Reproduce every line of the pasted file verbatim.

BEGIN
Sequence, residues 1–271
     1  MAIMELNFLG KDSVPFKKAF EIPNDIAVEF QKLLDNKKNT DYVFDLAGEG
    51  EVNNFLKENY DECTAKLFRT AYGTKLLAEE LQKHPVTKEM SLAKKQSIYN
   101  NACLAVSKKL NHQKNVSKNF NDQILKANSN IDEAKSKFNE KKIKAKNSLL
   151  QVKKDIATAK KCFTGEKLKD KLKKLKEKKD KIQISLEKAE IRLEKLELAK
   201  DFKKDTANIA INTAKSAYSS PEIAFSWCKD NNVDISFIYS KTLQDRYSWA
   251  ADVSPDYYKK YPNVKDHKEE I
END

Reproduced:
Sequence, residues 1–271
     1  MAIMELNFLG KDSVPFKKAF EIPNDIAVEF QKLLDNKKNT DYVFDLAGEG
    51  EVNNFLKENY DECTAKLFRT AYGTKLLAEE LQKHPVTKEM SLAKKQSIYN
   101  NACLAVSKKL NHQKNVSKNF NDQILKANSN IDEAKSKFNE KKIKAKNSLL
   151  QVKKDIATAK KCFTGEKLKD KLKKLKEKKD KIQISLEKAE IRLEKLELAK
   201  DFKKDTANIA INTAKSAYSS PEIAFSWCKD NNVDISFIYS KTLQDRYSWA
   251  ADVSPDYYKK YPNVKDHKEE I